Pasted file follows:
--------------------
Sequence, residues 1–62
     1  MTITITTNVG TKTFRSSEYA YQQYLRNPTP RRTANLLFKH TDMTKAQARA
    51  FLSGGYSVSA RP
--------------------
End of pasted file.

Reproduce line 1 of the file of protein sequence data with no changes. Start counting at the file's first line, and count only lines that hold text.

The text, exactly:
Sequence, residues 1–62